state, shall be entitled to seats in the said Resolved, That a committee of three of convention, in the following proportion, to the clergy, in connexion with the bishop, wit : Each church shall have the privilege of and under his direction and superintendance, sending at least one member; if it consists of be appointed by the authority of this con ten or more communicants, then it may
send vention, to set forth a uniforın systern of two members, and for every twenty-five catechetical instruction for the use of the communicants, excepting the numbers above diocese.
specified, the said churches shall be entitied Conformably to the resolution on the sup- to one additional member. port of the episcopate, the following com III. The convention shall deliberate and mittees were appointed in the several states act in one body ; but shall vote in distinct composing the diocese.
orders, when any member shall call for such
a division on any one question; and in such * By these alterations, the state of Maine case a concurrence of a majority of both oris recognised as a part of the Easteru dio- ders shall be necessary to constitute a vote. cese, and the meetings of the convention are IV. A president, secretary, and standing to be held annually, instead of biennially, committee, shall be chosen at every annual to be composed of all the clergy of the dio- meeting of the convention ; and when there cese and a lay delegate from each church. is to be a session of the general convention
within the ensuing year, the requisite delega. Abraham Bronson, Rer. George Leonard, tions shall be appointed to represent this Rev. Carlton Chase, Rev. Joel Clapp; cleristate in that body; also as long as this state cal :Joshua Isham, Esq. George Cleveshall belong to the Eastern diocese, a delega- land, Esq. Mr. Alexander Fleming, and Dr. tion shall be appointed to attend each dioce. Elisha Sheldon, lay. san convention at the next preceding annual Rev. Abraham Bronson; was nominated convention, or at some meeting specially by this convention, as a trustee of the genewarned for that purpose. Provided, how- ral theological seminary of the protestant ever, that no person shall be a member of Episcopal church, in the United States of the standing committee, or shall represent America, agreeable to the third article of this state in the general or diocesan conven the constitution of said seminary. tion, unless he be a regular communicant in A communication from the secretary of the the church. Provided, also, that when the general convention, containing a proposed bishop of the diocese shall be present in con- alteration of the constitution of that convenvention, he shall, ex-officio, be president. tion, relative to the time of holding its trienThe convention may, from time to time, if nial meetings, and investing the presiding deemed expedient, appoint a prudential com- bishop, certain cases, with the power to mittee to superintend the prudential concerns alter the place where the same shall be held, of the church.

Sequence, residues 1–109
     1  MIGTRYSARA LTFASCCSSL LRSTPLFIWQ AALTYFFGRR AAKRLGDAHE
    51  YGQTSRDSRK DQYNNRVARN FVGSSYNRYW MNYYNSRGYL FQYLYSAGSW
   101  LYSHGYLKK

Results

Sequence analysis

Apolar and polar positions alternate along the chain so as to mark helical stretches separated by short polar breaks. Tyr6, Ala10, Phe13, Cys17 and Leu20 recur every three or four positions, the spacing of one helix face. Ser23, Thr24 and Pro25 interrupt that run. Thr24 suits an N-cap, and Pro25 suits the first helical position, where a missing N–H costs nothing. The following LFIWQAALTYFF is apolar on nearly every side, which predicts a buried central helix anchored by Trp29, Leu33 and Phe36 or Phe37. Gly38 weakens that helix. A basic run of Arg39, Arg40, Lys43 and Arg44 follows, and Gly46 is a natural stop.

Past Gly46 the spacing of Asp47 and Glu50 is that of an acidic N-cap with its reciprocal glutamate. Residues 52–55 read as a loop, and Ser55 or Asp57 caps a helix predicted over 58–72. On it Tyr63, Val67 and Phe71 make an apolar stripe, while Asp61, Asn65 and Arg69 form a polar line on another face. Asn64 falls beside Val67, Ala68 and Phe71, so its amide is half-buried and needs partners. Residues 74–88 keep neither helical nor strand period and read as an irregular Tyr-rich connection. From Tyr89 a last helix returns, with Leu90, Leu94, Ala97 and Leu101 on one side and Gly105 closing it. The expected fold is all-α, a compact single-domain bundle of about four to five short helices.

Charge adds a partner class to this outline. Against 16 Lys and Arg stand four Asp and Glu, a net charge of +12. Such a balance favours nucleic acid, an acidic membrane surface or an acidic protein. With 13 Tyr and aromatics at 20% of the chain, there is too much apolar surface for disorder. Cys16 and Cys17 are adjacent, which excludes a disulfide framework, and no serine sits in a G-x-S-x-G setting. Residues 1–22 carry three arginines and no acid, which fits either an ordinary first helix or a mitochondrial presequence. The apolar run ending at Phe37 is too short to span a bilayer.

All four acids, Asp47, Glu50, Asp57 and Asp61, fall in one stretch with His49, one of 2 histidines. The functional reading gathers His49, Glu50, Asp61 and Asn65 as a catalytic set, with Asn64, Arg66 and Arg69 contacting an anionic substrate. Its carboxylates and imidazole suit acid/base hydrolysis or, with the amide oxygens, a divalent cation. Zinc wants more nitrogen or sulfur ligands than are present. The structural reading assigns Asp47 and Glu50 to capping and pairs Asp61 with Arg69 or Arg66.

was read ; and the convention voted, that V. If, at any time, a bishop is to be elect- this convention does not approve of the proed by this convention, the secretary, by or- posed alteration. der of the president or standing committee, Resolved, That the clergy of this state be shall write to the minister, or one of the war. requested to preach in their several churches, dens of each church, at least six weeks be- and to solicit contributions, once or more in fore the election is to take place, and give each year for the benefit of the protestant notice of the time and place appointed for Episcopal missionary society in this state ;guch election, and request, that delegates and that they be requested to perform simimay attend the convention for the purpose ; lar duties in the several vacant parishes in and in every such election, the convention this state. shall vote in distinct orders- the clerical or The Rev. Carlton Chase is appointed to der shall make a nomination by ballot, and preach before the next convention, to be a majority of the lay delegates, shall ap- holden at St. Albans. prove the appointment, before the person The following canons were passed in 1821. shall be considered elected.